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Are you under-insured?

1 March 2022

Are you under-insured?

Imagine if part or all of your premises were destroyed in an emergency event but your insurance cover did not meet the costs of re-building by a significant amount. How would your business cope? 

The sharp rises in the cost of materials and construction services over the past year following the bounce-back mean that such a situation could occur without a company or individual realising it. 

Buildings, whether homes or hire depots, should obviously be insured for the amount it would cost to re-build them. However, the rapid increases in costs could result in the figure becoming quickly outdated. 

“Some policies have an element of annual index-linking of around a few percent, but not to the extent of the construction price rises that we’ve all been hearing about over recent months,” Anders McLocklan, development director with Towergate Insurance Brokers tells me. 

Towergate, which is the sole broker for insurance services offered to HAE members as well as business throughout industry generally, provides several sources of advice on under-insurance. 

These include a free desktop general insurance valuation tool, a paid-for online valuation service, or a full survey and report by an RICS (Royal Institution of Chartered Surveyors) regulated surveyor. At the very least it provides peace of mind. 

“It’s been estimated that 80% of buildings do not have the correct building sum insured, and 90% of those are under-insured,” says Anders. “And the average degree of under-insurance is 40%.” 

Under-insurance can arise because of something known as the ‘average clause’ being applied. This is where the insurance company has found the value-insured sum to be incorrect against their own valuation. The clause exists to ensure that someone does not get a full insurance payout when they have only paid part of the premium.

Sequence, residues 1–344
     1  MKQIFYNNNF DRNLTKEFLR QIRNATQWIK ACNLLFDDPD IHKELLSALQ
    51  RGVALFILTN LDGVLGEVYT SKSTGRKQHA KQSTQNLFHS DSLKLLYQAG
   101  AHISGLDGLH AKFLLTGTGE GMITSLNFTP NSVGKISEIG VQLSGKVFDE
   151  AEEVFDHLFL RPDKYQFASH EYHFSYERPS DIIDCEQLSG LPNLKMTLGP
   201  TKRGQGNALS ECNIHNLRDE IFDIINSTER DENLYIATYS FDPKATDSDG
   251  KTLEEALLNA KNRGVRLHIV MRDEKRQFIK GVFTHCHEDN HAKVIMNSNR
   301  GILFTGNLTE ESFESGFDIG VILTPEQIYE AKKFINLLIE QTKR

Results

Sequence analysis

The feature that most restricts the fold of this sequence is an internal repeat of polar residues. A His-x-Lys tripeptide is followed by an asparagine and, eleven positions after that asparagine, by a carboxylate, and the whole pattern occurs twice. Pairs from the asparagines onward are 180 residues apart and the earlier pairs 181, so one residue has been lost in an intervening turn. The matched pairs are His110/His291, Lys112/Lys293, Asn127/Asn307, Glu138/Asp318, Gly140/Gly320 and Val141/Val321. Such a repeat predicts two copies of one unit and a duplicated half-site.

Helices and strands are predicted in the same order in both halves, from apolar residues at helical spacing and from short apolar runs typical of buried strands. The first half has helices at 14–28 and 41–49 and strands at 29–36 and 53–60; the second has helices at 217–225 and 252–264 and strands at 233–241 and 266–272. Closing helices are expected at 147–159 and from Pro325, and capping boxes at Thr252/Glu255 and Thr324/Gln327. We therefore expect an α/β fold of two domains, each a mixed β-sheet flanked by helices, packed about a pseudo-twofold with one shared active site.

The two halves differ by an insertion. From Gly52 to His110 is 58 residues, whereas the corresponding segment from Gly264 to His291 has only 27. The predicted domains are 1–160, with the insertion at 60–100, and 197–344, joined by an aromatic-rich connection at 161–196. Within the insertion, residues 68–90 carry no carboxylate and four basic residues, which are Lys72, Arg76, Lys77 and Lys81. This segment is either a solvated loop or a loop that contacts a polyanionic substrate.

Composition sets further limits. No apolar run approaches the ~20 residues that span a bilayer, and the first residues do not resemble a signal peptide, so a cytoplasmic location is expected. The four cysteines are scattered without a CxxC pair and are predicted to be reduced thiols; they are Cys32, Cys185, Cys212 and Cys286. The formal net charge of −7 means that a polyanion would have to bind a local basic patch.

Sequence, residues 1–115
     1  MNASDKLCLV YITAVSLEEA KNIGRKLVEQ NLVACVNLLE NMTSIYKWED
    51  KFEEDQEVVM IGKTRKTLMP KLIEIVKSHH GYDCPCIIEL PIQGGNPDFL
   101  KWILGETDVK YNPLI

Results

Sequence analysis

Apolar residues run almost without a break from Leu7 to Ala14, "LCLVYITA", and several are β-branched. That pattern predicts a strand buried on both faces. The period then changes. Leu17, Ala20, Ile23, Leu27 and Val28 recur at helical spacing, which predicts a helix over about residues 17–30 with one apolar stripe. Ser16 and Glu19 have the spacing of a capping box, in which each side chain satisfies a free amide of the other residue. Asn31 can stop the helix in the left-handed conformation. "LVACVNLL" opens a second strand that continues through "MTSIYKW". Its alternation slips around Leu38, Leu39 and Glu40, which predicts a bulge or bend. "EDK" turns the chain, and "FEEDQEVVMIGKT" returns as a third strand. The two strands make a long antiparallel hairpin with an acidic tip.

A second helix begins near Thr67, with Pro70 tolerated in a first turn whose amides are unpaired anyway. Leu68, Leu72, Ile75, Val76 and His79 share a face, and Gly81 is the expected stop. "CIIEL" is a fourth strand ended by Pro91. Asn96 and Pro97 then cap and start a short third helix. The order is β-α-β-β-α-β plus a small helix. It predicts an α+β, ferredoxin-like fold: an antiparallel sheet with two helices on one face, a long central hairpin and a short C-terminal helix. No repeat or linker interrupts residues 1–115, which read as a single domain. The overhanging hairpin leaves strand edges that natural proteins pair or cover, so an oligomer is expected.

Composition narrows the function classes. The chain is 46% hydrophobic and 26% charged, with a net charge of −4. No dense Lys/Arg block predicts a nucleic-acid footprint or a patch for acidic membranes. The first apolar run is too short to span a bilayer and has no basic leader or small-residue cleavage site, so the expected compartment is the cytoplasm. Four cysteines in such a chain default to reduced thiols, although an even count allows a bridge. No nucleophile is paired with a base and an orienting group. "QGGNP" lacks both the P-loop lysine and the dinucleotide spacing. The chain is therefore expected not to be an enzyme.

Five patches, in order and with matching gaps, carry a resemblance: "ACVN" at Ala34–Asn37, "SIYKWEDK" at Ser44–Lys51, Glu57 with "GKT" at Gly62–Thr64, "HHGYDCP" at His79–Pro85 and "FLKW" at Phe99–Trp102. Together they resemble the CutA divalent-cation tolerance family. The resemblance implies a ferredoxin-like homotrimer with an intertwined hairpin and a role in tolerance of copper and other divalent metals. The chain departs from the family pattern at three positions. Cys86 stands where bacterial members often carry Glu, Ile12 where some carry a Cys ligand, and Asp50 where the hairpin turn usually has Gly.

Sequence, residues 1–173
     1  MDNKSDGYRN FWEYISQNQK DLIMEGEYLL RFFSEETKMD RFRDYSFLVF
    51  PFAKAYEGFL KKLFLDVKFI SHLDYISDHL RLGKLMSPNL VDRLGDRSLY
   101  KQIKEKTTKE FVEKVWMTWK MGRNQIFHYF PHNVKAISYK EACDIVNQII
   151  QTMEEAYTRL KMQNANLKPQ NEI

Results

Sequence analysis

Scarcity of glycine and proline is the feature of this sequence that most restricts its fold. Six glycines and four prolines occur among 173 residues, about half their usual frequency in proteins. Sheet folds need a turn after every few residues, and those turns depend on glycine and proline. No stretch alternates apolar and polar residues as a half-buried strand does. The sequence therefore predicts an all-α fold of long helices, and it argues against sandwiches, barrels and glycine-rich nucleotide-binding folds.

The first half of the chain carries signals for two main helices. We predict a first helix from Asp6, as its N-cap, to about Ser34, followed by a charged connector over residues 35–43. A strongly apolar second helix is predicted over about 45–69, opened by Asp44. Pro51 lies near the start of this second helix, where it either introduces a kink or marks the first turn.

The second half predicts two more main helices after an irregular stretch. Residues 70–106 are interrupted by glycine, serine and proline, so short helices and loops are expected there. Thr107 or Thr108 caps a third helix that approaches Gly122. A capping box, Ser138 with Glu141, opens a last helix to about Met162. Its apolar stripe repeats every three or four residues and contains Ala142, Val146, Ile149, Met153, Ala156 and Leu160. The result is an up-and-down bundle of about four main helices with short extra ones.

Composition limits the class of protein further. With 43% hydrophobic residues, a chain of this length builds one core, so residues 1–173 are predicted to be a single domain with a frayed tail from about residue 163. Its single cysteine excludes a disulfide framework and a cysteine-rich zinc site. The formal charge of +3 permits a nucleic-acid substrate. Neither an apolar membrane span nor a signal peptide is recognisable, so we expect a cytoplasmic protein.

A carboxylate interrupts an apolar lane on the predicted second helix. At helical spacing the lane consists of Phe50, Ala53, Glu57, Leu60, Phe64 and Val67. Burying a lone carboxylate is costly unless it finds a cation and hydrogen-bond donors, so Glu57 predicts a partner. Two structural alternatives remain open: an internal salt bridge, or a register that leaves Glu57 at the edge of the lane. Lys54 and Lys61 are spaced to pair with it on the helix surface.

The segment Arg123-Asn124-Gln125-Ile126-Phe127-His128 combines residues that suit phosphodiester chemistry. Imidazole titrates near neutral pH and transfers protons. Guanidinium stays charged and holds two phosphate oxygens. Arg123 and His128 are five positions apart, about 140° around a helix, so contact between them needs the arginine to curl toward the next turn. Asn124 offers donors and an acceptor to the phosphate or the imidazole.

As an example, if fire causes damage requiring £100,000 to repair and the building’s declared reinstatement insurance value is £1 million, it would seem the cover is more than adequate. 

However, if the insurance company finds that the actual rebuild cost would be £1.2 million, they can claim that the cover is inadequate and reduce it by the same proportion of the under-insurance. 

Some insurers have conditions such that averaging will only be applied if the under-insurance falls below a certain percentage. 

“I’d be surprised if many properties in the UK would cost the same to reinstate as it would have 12 months ago,” says Anders. 

“My Towergate Insurance Brokers colleague Jeff Partridge recently gave the example of a property in South Wales with a reinstatement cost of £250,000 and a market value of £125,000. The increased cost of materials may uplift the actual reinstatement cost by 20% from £250k to £300k. If we set the declared value at risk at £125,000 the insurance settlement would at the most be (£125,000/£300,000 = 41%).

“41% of £125,000 is £52,000, so the policyholder would have to find £52,000 to replace a £300,000 structure – nothing short of a disaster.

“This is something that Towergate Insurance Brokers are trying to highlight to clients in order to make sure they are adequately protected. It could make the difference between a business surviving or not.” 

And it’s all the more important to check if it is some years since you last examined your policy details and the sums insured. 



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